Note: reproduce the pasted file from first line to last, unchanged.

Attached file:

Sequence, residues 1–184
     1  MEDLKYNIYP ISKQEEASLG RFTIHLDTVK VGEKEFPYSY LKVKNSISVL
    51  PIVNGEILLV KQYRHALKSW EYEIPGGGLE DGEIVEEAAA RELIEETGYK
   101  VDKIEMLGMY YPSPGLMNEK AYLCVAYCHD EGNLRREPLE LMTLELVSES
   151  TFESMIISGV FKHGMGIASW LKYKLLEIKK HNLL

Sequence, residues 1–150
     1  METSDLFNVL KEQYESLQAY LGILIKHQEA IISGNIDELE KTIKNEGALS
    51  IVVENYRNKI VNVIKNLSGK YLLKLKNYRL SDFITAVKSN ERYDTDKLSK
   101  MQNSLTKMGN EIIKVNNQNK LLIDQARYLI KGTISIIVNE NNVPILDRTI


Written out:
Sequence, residues 1–184
     1  MEDLKYNIYP ISKQEEASLG RFTIHLDTVK VGEKEFPYSY LKVKNSISVL
    51  PIVNGEILLV KQYRHALKSW EYEIPGGGLE DGEIVEEAAA RELIEETGYK
   101  VDKIEMLGMY YPSPGLMNEK AYLCVAYCHD EGNLRREPLE LMTLELVSES
   151  TFESMIISGV FKHGMGIASW LKYKLLEIKK HNLL

Sequence, residues 1–150
     1  METSDLFNVL KEQYESLQAY LGILIKHQEA IISGNIDELE KTIKNEGALS
    51  IVVENYRNKI VNVIKNLSGK YLLKLKNYRL SDFITAVKSN ERYDTDKLSK
   101  MQNSLTKMGN EIIKVNNQNK LLIDQARYLI KGTISIIVNE NNVPILDRTI